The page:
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Edwards, George, 1694-1773. / A natural history of birds : most of which have not been figur'd or describ'd, and others very little known from obscure or too brief descriptions without figures, or from figures very ill design'd
[Part I] (1743)

The transverse striped or bared dove,   pp. 16-[Plate] 16 ff.

Page 16

( I6 )
IT    HIS Bird for Shape, agrees with moft of the Dove-kind; for
Magnitude it is one of the fmaller Sort, being of the bignefs
of the Draught, or if any Difference, 'tis rather lefs ; the Tail of a
pretty good Length, in Proportion to the Body, the Feathers being of
equal Length ; the Bill is fhap'd as in other Doves, of a light Horn-
colour ; from the Nofiril to the Eye, and round the Eye, is a narrow
white Stroke; the Iris of the Eye, Blue-grey; the Forehead, round the
Eyes, Cheeks, and under the Bill, are light Blue; the Crown, and hinder
Part of the Head, are Red or Ruffet; the Fore-part of the Neck,
Breaft, Belly and T1 highs, are of a faded Rofe or Bloffom-colour; the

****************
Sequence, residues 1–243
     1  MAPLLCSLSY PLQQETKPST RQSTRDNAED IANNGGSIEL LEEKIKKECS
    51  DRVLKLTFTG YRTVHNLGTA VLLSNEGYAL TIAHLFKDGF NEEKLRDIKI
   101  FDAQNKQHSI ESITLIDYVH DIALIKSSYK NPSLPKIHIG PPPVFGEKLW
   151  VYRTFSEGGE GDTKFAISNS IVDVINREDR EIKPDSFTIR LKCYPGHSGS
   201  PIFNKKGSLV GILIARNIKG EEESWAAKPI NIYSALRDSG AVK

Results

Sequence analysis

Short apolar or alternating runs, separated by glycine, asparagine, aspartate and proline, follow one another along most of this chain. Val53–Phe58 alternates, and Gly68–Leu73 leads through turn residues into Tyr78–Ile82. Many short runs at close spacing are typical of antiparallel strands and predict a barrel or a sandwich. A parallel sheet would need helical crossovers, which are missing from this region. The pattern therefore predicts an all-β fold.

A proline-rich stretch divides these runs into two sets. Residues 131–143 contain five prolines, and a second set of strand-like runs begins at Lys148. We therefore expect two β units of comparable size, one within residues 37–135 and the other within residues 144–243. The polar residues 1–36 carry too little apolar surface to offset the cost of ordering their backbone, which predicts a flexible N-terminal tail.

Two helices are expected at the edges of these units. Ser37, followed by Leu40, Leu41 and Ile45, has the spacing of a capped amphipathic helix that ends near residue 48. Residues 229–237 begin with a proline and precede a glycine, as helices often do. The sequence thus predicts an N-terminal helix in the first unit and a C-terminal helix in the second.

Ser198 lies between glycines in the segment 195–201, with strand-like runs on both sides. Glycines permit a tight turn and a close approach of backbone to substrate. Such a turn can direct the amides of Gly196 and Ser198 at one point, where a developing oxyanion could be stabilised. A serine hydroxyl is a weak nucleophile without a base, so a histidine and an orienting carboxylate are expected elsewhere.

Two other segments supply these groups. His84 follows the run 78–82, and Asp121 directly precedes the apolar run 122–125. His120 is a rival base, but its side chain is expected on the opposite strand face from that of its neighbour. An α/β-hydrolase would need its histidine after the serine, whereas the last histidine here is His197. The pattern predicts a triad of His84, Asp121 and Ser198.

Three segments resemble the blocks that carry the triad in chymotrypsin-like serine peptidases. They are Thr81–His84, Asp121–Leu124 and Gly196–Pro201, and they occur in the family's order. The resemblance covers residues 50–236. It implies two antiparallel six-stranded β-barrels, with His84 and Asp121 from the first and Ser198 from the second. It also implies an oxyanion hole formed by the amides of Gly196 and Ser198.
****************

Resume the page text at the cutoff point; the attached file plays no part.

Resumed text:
Feathers under the Tail, White ; the Sides of the Neck, and Sides of
the Body under the Wings, which partly appear when the Wings are
clofed, are of a bluifh Colour, thick fet with very fine tranfverfe Lines
of a darker Blue or Black ; the upper Side of the Neck, Back, Wings
and Tail, are of a dirty, browninh Afh-colour; the hinder Part of the
Neck, Back, and Covert-feathers of the Wings, are mark'd at little
Diftances with very diftin&t tranfverfe Lines of Black, which are con-
tinued from Wing to Wing acrofs the Back, with little Breaks or Inter-
ruptions; the greater Quills are Something darker than the Coverts of
the Wing: Though the Tail be of the Colour of the B 'dy, yet the
outfide Feathers are darker, approaching to Black, having their Tips
White about an Inch deep; the Legs and Feet are fhap'd as in othcr
Doves, of a paler Red than is common to mofl; the Claws brown.
Though I have mention'd many different Colours in this Bird, you muft
not underftand a fudden meeting of any two Colours, as in Patch-
work, but fuch an Union and gradual Change from one Colour to ano-
ther, as a skillful Painter expreichs in his fofteft Shadows.
I took this Draught from the Bird alive, at Sir Charles Wager's Houfe
at Par fons-Green. I was told by Sir Charles's Lady it was brought from
the Eaf? Indies.

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